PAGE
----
It felt like a November Saturday morning in Colorado for the sixth and final day of the RugbyTown Crossover Academy’s inaugural camp.

The chilly, blue-bird morning was the perfect way to top off a camp that was a resounding success. While several players had travel arrangements that prevented them from participating in the final day of the camp, the energy from the 21 remaining players didn’t suffer and they capped on their week with a lighter, more fun practice to finish off the week.

With the rapidly-changing COVID restrictions preventing the camp from finishing with a scrimmage, the players remained in their three small groups and played a handful of fun conditioning games instead. The games focused on the lessons that were instilled throughout the week.

Players that attended the first-ever RugbyTown Crossover Academy camp are included below.

  1. Addie Brown
  2. Cameron Marshall
  3. Charles Okeze
  4. Chase Stehling
  5. Dan Herlihy
  6. Dan Stone
  7. DaQuan Patton
  8. Darryl Tolson
  9. David Bond
  10. Daytwon Sheridan
  11. Ed Paris
  12. Franklin Agbasimere
  13. Garrald McDowell
  14. Gelen Robinson
  15. Jarrell-Arell Patterson
  16. Kyle Abrom
  17. LaDarius Gallaway
  18. Line Latu
  19. Malik Bryant
  20. Mandel Dixon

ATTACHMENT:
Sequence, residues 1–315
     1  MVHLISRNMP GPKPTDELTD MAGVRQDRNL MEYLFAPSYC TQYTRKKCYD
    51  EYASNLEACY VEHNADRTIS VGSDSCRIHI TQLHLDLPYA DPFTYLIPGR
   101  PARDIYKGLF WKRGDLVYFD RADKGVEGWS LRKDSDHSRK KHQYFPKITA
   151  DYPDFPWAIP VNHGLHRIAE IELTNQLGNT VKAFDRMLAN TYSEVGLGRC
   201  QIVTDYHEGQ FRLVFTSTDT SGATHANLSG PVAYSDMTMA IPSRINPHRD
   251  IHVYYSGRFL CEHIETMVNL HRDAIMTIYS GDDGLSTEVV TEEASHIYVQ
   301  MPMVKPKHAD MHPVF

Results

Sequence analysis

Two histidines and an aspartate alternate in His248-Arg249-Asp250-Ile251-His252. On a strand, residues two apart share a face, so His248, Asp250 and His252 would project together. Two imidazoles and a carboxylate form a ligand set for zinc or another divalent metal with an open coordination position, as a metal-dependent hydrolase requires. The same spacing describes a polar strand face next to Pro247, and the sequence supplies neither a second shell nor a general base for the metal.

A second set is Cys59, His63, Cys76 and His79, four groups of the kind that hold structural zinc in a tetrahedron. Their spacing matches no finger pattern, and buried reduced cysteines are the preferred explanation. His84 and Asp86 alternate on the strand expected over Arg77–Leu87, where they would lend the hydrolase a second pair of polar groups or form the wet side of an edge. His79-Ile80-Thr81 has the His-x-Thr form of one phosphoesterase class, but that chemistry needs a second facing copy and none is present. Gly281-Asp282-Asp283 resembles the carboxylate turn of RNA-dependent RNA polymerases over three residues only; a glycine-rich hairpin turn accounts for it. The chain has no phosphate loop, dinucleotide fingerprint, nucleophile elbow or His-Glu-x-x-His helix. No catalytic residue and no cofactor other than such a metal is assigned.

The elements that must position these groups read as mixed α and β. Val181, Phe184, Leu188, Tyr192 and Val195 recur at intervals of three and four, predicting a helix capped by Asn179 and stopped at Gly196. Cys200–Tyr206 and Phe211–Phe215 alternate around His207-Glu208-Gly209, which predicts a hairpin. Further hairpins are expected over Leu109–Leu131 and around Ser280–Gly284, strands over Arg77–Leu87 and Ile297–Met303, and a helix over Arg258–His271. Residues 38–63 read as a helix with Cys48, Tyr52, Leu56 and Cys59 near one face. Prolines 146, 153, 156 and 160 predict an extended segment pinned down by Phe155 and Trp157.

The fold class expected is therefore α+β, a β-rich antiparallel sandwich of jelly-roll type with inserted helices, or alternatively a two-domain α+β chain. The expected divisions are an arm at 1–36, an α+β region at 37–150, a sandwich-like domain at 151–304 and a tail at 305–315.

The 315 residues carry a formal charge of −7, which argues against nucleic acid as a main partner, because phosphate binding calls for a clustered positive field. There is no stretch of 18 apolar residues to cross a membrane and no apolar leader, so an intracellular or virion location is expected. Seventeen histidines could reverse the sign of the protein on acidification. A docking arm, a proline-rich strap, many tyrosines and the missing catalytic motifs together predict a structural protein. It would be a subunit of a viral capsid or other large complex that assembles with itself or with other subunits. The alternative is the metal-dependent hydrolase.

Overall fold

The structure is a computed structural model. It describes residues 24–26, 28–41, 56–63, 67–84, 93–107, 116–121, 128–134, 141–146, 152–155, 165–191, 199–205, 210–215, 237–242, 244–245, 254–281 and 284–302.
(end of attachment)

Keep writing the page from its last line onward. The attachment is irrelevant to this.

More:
21. Michael Bandy
  22. Nathaniel Hney II
  23. Norvel Stewart
  24. Ryan Cloud
  25. Sam Taylor
  26. Stephen Bowers
  27. Tre Smalls
  28. Zach Nelson
Mandel Dixon rests after a drill at the RugbyTown Crossover Academy’s November camp. (Photo: Justin Purdy)

You won’t find one member of Glendale’s rugby department that will say that the camp was anything but a smashing success. It was a feat to reach out to as many players as they did. You could argue that this initiative was a success when they started getting people to agree to come give the camp a try.

With around 30 driven, open-minded players in attendance, they were able to put on a safe camp that helped these elite athletes catch the itch for rugby.

That’s what American rugby needs and Glendale has proven that their model can work. Now, the attention shifts to the next move. Of the 30 players that attended the camp, 24 have expressed interest in coming back for an extended program during the spring. Before that, the department is organizing one-off workouts to continue to build up the program throughout the coming months.

From my perspective, everything about the camp was awesome. The athletes at this camp were unlike any I had seen on the rugby pitch before, and it was fun to watch them fall in love with the sport.

It was also fun to watch them leave their comfort zone to learn something new. Not only is it rare for people to do that, but it’s also rare to give someone like me a front-row seat to watch it all happen and then talk to me about it afterwards.

I’m excited to see where this program goes over the next few months and into the spring, and I think once people see the progress, they will be excited too.

Colton Strickler
Author

Colton Strickler is a Colorado guy through and through. He is a Wheat Ridge Farmer and a Colorado State Ram. He has been involved in the Colorado rugby community in some capacity since 2011. He was Major League Rugby's lead writer in 2018 and 2019 before joining DNVR Rugby.

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